Let’s get scary with some Horror movies starring Peter Lorre, John Carradine, Vincent Price, Howard Keel, Lee Montgomery, Rock Hudson, Duane Jones, Joseph Cotton, Paul Sorvino, Michael Beck; and actresses Marilyn Eastman, Mary Louise Weller, Beatrice Straight, Susan Anspach, Olivia d’Abo. Some of our famous Horror Movie directors include Wes Craven, William Castle, Ralph Nelson, George Romero, Mel Welles, Herk Harvey and Richard Jefferies.
Horror is a film genre or category seeking to elicit a negative emotional reaction from viewers by playing on the audience’s primal fears. Inspired by literature from authors like Edgar Allan Poe, Bram Stoker, Mary Shelley, horror films have for more than a century featured scenes that startle the viewer. The macabre and the supernatural are frequent themes. Thus, they may overlap with the fantasy, supernatural, and thriller genres.
Horror films often deal with the viewer’s nightmares, hidden fears, revulsions and terror of the unknown. Plots within the horror genre often involve the intrusion of an evil force, event, or personage, commonly of supernatural origin, into the everyday world. Prevalent elements include: ghosts, aliens, vampires, werewolves, demons, dragons, gore, torture, vicious animals, evil witches, monsters, zombies, cannibals, and serial killers. Conversely, movies about the supernatural are not necessarily always horrific.
Some of the sub-categories or sub-genres of Horror films are:
- Action Horror- A subgenre combining the intrusion of an evil force, event, or supernatural personage of horror movies with the gunfights and frenetic chases of the action genre. Themes or elements often prevalent in typical action-horror films include gore, demons, vicious animals, vampires and, most commonly, zombies. This category also fuses with fantasy.
- Body horror– In which the horror is principally derived from the graphic destruction or degeneration of the body. Other types of body horror include unnatural movements, or the anatomically incorrect placement of limbs to create ‘monsters’ out of human body parts. David Cronenberg is one of the notable directors of the genre.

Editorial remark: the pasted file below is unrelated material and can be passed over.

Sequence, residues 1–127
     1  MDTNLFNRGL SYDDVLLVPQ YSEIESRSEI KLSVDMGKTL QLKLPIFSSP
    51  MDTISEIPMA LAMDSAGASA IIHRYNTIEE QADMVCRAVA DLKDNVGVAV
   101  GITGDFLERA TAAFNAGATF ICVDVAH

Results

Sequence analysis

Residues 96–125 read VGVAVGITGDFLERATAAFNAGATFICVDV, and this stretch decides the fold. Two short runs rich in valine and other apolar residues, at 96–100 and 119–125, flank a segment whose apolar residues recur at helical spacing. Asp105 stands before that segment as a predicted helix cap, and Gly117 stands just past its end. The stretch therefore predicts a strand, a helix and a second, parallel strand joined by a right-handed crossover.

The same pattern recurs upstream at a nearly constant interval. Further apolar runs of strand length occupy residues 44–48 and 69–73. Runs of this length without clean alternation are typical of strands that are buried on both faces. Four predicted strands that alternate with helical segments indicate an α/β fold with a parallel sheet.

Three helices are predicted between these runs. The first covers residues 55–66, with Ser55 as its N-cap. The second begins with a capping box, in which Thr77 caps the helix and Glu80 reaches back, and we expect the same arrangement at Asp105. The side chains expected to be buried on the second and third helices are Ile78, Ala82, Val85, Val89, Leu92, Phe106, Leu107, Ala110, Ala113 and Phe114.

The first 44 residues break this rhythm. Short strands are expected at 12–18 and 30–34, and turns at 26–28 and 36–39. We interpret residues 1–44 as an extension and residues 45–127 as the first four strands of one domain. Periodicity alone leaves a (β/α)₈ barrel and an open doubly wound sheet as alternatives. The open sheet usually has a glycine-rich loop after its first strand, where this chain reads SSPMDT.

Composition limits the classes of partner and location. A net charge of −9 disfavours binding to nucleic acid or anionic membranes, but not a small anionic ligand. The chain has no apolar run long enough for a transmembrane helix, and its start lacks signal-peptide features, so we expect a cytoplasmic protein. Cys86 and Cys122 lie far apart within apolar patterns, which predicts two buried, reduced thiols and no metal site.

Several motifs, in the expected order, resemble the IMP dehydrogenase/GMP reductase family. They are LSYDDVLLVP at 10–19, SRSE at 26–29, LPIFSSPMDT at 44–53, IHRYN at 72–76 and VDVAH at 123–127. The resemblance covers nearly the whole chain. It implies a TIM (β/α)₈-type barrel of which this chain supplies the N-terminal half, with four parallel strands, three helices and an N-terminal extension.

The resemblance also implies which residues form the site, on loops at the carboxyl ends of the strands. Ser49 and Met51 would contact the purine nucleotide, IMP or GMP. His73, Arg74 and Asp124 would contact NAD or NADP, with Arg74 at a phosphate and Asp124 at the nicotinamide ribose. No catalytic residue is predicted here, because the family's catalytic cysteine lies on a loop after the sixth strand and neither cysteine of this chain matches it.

- Comedy horror– Combines the elements of comedy and horror fiction. The comedy horror genre usually features some black comedy. The short story “The Legend of Sleepy Hollow” by Washington Irving is cited as “the first great comedy-horror story.”
- Gothic horror– Gothic horror is a type of story that contains elements of Goth and horror. At times, it may have a romance sub-plot that unfolds in the setting of a horror tale, usually suspenseful. Some of the earliest horror movies were of this subgenre.
- Natural horror– A subgenre of horror films “featuring nature running amok in the form of mutated beasts, carnivorous insects, and normally harmless animals or plants turned into cold-blooded killers.” This genre may sometimes overlap with the science fiction and action/adventure
- Psychological horror– Relies on characters fears, guilt, beliefs, eerie sound effects, relevant music, emotional instability and at times, the supernatural and ghosts, to build tension and further the plot.
- Science fiction horror– Often revolves around subjects that include but are not limited to killer aliens, mad scientists, and/or experiments gone wrong.
- Slasher film– Often revolves around a psychopathic killer stalking and killing a sequence of victims in a graphically violent manner, mainly with a cutting tool such as a knife or axe. Slasher films may at times overlap with the crime, mystery and thriller genre, and they are not all the entire horror genre.
- Splatter film– These films deliberately focus on graphic portrayals of gore and graphic violence. With the use of special effects and excessive blood and guts, they tend to display an overt interest in the vulnerability of the human body and the theatricality of its mutilation. Not all splatter films are slashers, and not all splatter films are horrors.
- Zombie film– Zombie films feature creatures that are usually portrayed as either reanimated corpses or mindless human beings. Distinct subgenres have evolved, such as the “zombie comedy” or the “zombie apocalypse.”